Why I Liked The Amazing Spider-Man

If you are anything like me, when you heard they were rebooting the Spider-Man franchise only ten years after the first Tobey Maguire version was released, you were pretty confused.  Is this really necessary?  Why do we need another origin story about Spider-Man so soon?  Won’t this essentially be the exact same thing?

Well, I saw it last week and it really is pretty much the same thing.  Peter Parker is a nerd living with Aunt May and Uncle Ben, he goes to a science lab, gets bitten by a radioactive spider, gains powers, is full of typical teenage angst, and indirectly causes his uncle’s death.  After that, there’s more angst and then he grows up and becomes a big boy.  Oh yeah, and there’s a cute girl and a monster thrown in there as well.

If you have any familiarity with superheroes at all, none of this is new or surprising.  And yet, I really enjoyed the movie.  Was it the adorable Andrew Garfield?  Was it the always lovable Emma Stone?  Was it the most practical stunts and limited CGI?  As I thought back on my experience watching it, I managed to pinpoint a single moment that, for me, made the retread of a familiar story worth the time.

Just in case you care, here be spoilers.

After Uncle Ben is killed, Peter does not become a hero.  He becomes a vigilante, hunting only the person who shot Uncle Ben.  Although he thinks he is doing good, he is really only seeking revenge.  He does not care about the people of New York or the greater good; he is merely acting out of his own self-interest.  He argues with Captain Stacy about whether the guy scaling buildings in YouTube videos is a hero or a villain, and is offended by Stacy’s view of him as a nuisance who only adds to the chaos.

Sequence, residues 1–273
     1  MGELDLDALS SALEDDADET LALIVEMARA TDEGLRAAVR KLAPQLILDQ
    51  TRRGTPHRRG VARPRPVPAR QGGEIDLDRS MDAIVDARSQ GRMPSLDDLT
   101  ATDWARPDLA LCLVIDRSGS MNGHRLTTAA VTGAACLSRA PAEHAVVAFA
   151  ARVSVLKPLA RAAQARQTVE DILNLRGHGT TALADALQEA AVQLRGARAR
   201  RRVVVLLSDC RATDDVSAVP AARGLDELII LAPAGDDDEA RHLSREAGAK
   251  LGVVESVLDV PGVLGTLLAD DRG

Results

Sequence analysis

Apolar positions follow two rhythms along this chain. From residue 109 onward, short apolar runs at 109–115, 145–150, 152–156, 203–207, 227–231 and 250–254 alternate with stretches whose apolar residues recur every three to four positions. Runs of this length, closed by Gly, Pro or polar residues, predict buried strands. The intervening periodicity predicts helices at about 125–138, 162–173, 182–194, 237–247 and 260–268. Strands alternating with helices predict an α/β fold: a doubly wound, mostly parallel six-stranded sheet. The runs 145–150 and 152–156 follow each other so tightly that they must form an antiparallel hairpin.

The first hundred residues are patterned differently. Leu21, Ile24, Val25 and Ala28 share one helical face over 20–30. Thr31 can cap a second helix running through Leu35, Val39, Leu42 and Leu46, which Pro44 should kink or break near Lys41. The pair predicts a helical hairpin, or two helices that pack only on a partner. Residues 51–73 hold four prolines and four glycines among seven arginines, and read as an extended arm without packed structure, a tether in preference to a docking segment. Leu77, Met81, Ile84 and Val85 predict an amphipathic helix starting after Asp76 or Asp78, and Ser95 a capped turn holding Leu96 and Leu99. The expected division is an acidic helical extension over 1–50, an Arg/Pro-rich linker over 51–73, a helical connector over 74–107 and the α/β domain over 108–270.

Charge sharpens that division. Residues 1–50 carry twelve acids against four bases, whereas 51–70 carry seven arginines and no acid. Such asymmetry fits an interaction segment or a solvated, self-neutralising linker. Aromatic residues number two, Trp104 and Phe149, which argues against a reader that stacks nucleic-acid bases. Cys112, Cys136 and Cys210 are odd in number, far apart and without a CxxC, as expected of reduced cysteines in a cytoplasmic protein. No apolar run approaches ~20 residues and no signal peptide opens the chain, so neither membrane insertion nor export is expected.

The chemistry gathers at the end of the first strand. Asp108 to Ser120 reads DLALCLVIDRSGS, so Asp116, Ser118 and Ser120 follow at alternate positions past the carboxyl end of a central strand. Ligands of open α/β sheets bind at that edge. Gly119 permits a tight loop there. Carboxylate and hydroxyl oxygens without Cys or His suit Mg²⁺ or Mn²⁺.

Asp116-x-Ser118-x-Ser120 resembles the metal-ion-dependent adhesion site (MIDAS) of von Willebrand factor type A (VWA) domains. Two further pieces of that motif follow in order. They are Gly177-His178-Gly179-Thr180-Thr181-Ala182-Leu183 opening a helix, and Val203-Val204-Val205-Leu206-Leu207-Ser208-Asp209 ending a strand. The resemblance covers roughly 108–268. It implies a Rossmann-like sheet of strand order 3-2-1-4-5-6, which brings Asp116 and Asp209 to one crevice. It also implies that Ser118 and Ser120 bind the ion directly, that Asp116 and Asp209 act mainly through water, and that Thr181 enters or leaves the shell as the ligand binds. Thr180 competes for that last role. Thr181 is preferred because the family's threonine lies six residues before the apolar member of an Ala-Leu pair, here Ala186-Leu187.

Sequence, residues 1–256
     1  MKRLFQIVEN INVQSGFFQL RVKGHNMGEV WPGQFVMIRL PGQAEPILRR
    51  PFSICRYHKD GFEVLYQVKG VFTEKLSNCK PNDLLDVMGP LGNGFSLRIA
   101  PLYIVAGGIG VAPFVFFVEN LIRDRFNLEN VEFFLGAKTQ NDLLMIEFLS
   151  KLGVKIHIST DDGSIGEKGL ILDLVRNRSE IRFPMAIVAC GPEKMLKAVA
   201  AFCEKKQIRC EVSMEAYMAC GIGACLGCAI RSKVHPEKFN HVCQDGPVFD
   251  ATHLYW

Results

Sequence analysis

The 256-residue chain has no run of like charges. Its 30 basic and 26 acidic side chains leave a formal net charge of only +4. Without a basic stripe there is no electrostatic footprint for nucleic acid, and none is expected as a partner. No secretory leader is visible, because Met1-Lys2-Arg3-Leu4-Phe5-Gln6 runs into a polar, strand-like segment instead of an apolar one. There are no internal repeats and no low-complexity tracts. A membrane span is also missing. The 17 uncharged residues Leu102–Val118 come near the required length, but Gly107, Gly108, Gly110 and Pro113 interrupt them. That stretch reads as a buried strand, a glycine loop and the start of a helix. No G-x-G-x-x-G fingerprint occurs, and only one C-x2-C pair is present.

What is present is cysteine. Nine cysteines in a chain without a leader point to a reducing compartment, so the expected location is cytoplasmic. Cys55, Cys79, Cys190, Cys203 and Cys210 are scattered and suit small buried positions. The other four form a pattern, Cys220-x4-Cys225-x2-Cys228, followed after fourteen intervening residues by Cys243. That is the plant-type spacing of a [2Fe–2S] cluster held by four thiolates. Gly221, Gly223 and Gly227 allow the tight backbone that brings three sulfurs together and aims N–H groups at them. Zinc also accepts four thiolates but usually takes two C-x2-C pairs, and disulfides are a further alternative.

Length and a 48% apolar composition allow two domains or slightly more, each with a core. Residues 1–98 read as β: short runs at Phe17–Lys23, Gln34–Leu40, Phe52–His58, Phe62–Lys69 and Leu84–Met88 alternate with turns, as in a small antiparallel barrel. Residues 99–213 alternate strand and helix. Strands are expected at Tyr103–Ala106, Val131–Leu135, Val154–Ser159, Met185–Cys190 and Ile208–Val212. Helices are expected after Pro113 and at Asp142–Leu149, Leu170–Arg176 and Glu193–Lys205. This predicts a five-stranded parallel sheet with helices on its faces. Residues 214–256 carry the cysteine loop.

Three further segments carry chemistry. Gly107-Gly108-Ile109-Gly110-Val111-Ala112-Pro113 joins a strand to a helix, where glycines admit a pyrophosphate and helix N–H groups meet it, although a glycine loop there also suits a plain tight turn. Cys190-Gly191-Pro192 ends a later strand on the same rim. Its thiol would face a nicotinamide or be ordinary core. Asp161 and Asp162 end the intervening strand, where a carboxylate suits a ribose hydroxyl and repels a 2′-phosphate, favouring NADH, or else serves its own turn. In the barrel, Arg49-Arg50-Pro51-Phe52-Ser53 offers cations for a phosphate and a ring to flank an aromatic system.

But even that frank assessment does not change Peter.  He still thinks that he is doing nothing wrong, that because he has the ability to seek revenge he also has the right to seek it.  And then the giant lizard shows up and terrorizes people on the Williamsburg bridge.

When Peter sees innocent people that he has no connection to being threatened, and realizes that he is able to help them, he steps in.  He saves cars from plunging into the water below and attempts to fight off the giant lizard.  But the real moment of truth comes when he rescues a boy from a falling car and returns him to his father.  It is in that moment that Peter finds within himself the thing that motivates true heroes: empathy.

It is not an argument about law and order or a philosophical enlightenment that turns Peter Parker, nerd with a vendetta, into Spider-Man, protector of New York City.  It is that moment when the abstract “people” become concrete names and faces.  The problems facing the city are no longer hypothetical; they are actual and Peter is compelled to act.

It is a beautiful picture of what needs to happen in all teenagers (and people), not just the ones who are bitten by radioactive spiders.  It is what I hope to build into my students – that ability to put themselves in someone else’s shoes and understand their thoughts and emotions.  Because that is where change begins.  When stereotypes and statistics become faces and personalities, that is when we truly begin to fight.

The Amazing Spider-Man is about fighting monsters and getting the girl and becoming a superhero, but we’ve seen all that before.  More than those things, it is a story about empathy, and that’s a story I don’t mind watching over and over and over.

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  • A collection of ramblings and musings on Jesus, life, education, family, and anything else that pops into my head.

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